A collaboration between groups led by Dr. John Spencer at Greenwich University and Professor Simon Mackay and Professor Alan Harvey at Strathclyde University has led to the discovery of a novel class of benzodiazepines with submicromolar activity against trypanosoma brucei spp., a parasitic species that causes African trypanosomiasis or sleeping sickness in humans.
Dr. John Spencer, Reader in Medicinal Chemistry, said, "Rajendra Rathnam, one of my PhD students at Greenwich, has successfully synthesized a number of benzodiazepine containing amines by a variety of reduction methods from their nitro precursors including microwave reductions with Molybdenum hexacarbonyl/DBU or Tin (II) Chloride, but the H-Cube flow method provided compounds in approximately 5 minutes in high yields and without the need for work-up or column chromatography. Such an approach is very promising for the generation of libraries of bioactive molecules and can expedite drug discovery significantly."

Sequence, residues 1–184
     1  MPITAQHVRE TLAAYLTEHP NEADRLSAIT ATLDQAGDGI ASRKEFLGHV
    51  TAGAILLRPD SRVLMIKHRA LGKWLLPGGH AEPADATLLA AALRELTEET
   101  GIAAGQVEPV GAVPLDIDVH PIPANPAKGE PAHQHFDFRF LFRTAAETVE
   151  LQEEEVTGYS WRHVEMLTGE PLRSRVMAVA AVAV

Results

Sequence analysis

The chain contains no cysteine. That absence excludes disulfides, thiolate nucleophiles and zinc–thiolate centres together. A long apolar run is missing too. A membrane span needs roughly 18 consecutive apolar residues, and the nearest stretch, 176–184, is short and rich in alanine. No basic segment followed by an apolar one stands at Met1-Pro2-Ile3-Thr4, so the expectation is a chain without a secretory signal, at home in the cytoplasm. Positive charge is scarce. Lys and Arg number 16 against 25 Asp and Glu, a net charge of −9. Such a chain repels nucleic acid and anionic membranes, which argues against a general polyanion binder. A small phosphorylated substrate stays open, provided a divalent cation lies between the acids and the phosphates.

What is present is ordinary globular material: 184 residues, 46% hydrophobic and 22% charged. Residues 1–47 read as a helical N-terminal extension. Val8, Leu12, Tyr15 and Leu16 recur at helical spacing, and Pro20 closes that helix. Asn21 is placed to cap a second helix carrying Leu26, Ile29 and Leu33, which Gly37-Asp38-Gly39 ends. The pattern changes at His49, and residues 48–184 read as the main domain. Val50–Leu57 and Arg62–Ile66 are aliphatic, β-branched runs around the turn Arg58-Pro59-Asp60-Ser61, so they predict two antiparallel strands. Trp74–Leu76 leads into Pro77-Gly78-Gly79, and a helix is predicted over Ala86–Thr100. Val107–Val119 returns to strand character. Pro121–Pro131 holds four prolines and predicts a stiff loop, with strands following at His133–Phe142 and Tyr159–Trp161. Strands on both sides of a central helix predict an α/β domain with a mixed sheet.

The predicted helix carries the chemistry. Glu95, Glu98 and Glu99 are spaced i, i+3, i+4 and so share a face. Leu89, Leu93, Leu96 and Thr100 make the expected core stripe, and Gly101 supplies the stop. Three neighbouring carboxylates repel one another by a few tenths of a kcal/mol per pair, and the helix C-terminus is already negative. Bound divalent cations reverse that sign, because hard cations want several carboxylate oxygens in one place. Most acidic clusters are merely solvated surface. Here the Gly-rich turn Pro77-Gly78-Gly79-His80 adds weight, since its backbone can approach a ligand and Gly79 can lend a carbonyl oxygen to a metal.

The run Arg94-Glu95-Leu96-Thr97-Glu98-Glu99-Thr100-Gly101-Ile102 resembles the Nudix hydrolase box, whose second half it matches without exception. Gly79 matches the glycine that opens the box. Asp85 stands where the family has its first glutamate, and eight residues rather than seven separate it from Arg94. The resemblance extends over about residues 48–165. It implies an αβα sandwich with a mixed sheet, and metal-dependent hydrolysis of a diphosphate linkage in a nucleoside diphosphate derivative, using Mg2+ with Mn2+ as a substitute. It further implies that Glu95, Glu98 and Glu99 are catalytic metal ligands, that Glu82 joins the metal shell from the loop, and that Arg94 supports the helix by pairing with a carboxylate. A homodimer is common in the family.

The work was recently presented at the prestigious MedChem Europe 2009 Conference in Berlin (organized by Select Biosciences).
"We are proud that our technology can play an important role in advancing science," said Richard Jones, Director of Product Management at ThalesNano. "From its introduction, H-Cube has opened up vast new areas of chemistry due to its advantages of speed, selectivity and yield."